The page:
Six years ago, the Indiana General Assembly passed legislation that allows judges to fine public officials who deliberately flaunt public-access laws.
We remind our area’s public officials, particularly those who won their elections and will take office for the first time this coming January, to give the law serious consideration before the new year.
The law allows a judge to levy a fine of up to $100 for a first offense and up to $500 for a repeat offender.
Indiana is actually late to the party. Most states allow civil or criminal penalties for public officials who intentionally violate their open-meetings and open-records laws. In some states, a violation can mean removal from office.
Indiana’s law allows only a fine, but the public official would at least be required to pay the fine out of his or her own pocket.
The law is intended to put some teeth into provisions giving the public and media the right to be notified of public meetings and to access public documents. Under the old law, someone denied access to a public document or government meeting had no recourse other than to take the case to court. This measure gives public agencies greater incentive to resolve a dispute before seeing a judge.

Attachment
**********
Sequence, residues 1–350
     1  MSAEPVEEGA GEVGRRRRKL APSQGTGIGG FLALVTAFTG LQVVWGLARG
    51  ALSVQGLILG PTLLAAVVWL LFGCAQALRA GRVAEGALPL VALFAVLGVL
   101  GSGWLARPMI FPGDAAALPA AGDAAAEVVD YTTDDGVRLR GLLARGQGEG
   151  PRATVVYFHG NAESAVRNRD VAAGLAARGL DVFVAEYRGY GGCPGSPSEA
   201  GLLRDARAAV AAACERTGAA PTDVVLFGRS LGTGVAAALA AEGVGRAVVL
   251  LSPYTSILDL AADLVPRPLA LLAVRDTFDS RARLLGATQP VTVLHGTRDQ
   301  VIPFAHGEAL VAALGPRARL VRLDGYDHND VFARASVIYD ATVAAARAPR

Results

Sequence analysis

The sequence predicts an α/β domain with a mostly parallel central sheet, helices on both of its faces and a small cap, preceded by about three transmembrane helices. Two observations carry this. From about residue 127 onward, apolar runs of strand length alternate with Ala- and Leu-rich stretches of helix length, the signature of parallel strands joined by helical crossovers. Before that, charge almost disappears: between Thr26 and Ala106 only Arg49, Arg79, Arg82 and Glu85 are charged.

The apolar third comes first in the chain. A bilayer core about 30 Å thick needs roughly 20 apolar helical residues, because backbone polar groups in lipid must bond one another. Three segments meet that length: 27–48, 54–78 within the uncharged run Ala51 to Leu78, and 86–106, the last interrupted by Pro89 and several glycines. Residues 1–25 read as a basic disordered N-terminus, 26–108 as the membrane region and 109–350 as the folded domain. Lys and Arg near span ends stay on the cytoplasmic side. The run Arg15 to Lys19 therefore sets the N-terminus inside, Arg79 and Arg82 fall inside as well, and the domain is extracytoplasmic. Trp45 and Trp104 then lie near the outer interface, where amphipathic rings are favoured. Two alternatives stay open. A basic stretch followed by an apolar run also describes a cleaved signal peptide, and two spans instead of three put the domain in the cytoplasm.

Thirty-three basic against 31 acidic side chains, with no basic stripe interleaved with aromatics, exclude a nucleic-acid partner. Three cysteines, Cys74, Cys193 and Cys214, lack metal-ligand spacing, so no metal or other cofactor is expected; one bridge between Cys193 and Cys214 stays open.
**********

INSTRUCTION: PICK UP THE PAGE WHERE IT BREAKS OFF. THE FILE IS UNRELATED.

The law is not aimed at punishing people. It’s aimed at delivering a simple but critical message: this is the public’s business, and it should be conducted in public view.
Public participation is a crucial part of the American system of government. To be able to fully participate, members of the public have to be able to attend meetings. They have to be able to examine public documents.
Some lawmakers had complained the state’s public access law was burdensome. They had questioned whether tougher penalties for violating the law wouldn’t harm public officials who mistakenly break the law.
We didn’t buy that argument then, and we don’t buy it now.
This measure doesn’t target every official who fails to release a public record. It targets the so-called “bad apples” who have been advised a document is public record but still refuse to release it.
Folks like that deserve to be fined.
This law puts real meaning in the provisions of the state’s open-meetings and open-records laws. It says to both public officials and average citizens Indiana is serious about transparency in government.
It was an important message for lawmakers to send, and one officials should keep in mind as they do the people’s work.
This was distributed by Hoosier State Press Association. Send comments to email@example.com.